Hope may be a virtue, but it is not a strategy. – Fullan & DuFour
by Cathy Gassenheimer
Research and best practice tell us that consistently high performing schools are places where both adults and students are committed to continuous learning and where everyone values collaboration, reflection, and growth. But, how does a school “get there?”
Michael Fullan and Rick DuFour suggest a strategy for becoming that type of school, district (or even region) in their compact, thought-provoking book, Cultures Built to Last: Systemic PLCs at Work
Cultures Built to Last
represents the best thinking of both educational leaders: Fullan’s perspectives on whole system reform, moral purpose, and coherence, and DuFour's insights about growing effective professional learning communities.
Fullan and DuFour suggest that building the type of sustainable culture that results in continuous improvement is “absolutely doable, but is also undeniably difficult” (p. 2).
And they challenge us even further by suggesting that having isolated high performing schools is not sufficient: We must create high performing districts
where the work of improvement is continuous and embedded deeply in the system's professional culture; where success is documented and transparent and therefore able to inspire other districts to commit to culture-building.Read More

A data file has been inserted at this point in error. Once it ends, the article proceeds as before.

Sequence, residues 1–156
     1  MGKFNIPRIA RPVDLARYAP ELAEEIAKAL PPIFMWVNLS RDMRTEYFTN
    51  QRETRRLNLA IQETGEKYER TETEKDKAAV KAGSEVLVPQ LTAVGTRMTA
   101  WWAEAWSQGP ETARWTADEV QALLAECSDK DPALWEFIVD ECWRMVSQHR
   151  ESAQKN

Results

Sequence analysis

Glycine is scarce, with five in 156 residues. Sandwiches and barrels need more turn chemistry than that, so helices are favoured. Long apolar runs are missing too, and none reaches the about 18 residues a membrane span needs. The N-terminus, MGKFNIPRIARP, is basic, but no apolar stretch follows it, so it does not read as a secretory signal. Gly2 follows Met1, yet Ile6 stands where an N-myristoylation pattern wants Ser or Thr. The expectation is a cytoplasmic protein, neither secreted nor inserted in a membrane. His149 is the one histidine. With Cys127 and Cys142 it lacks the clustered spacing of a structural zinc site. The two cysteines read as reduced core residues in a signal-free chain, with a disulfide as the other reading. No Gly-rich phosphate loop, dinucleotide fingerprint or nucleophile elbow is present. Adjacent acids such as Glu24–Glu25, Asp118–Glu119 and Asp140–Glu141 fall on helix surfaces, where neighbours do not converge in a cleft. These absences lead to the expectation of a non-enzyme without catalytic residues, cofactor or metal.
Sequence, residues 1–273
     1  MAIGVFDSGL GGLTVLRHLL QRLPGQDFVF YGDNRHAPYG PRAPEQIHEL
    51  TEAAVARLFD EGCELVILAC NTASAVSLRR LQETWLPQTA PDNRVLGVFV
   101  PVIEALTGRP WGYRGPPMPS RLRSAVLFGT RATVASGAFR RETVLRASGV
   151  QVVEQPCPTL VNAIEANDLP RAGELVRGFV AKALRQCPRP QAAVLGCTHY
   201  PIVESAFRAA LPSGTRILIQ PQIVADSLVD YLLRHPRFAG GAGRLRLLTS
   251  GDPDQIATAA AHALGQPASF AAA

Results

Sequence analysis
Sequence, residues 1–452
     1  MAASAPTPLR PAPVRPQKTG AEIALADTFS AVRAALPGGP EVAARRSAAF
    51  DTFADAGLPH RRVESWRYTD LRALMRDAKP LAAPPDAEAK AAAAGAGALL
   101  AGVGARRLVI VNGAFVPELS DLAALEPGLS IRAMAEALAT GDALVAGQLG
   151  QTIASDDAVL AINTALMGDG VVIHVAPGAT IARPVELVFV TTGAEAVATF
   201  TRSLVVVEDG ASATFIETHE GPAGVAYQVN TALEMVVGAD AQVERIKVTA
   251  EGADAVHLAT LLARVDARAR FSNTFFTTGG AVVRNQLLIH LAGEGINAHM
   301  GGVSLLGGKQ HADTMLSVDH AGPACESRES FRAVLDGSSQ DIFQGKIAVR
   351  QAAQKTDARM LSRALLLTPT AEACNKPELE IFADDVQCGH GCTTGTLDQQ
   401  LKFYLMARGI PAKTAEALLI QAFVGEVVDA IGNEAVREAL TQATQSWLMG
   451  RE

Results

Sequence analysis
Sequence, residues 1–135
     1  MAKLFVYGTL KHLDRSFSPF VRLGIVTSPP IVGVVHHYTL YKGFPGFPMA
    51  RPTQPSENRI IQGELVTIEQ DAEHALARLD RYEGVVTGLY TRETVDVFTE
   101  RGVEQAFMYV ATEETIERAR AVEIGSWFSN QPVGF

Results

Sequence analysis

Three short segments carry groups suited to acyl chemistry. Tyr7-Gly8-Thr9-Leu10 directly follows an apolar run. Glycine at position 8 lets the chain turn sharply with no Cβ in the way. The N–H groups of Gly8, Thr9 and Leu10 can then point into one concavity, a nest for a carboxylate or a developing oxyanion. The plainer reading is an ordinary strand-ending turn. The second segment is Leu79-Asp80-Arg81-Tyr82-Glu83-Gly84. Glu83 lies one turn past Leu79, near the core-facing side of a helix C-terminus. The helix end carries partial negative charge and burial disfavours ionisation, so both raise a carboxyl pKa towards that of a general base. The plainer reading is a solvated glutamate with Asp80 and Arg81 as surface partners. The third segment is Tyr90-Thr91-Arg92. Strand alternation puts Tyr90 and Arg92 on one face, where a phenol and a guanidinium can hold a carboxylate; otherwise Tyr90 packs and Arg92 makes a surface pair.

by Cathy Gassenheimer
I love The Marshall Memo
– a regular email from educator Kim Marshall summarizing some of the most interesting new education material published in a large collection of magazines, journals and websites that he follows. Books, too. He calls it "a weekly roundup of important ideas and research in K12 education."
It's not free (a single subscriber pays $50 a year or about $1 per issue; less for groups
) but considering the amount of time and effort it takes to produce each weekly edition, the Marshall Memo is a bargain and a wonderfully efficient way to follow important news about education research and practice.
A recent issue (#577) included a synopsis titled "How Can Successful School Improvement Ideas Be Taken to Scale?" In about 500 words, Marshall crisply summarizes an Educational Researcher article by Dr. Catherine Lewis
(an expert on Japanese lesson study): "What Is Improvement Science? Do We Need It in Education?"Read More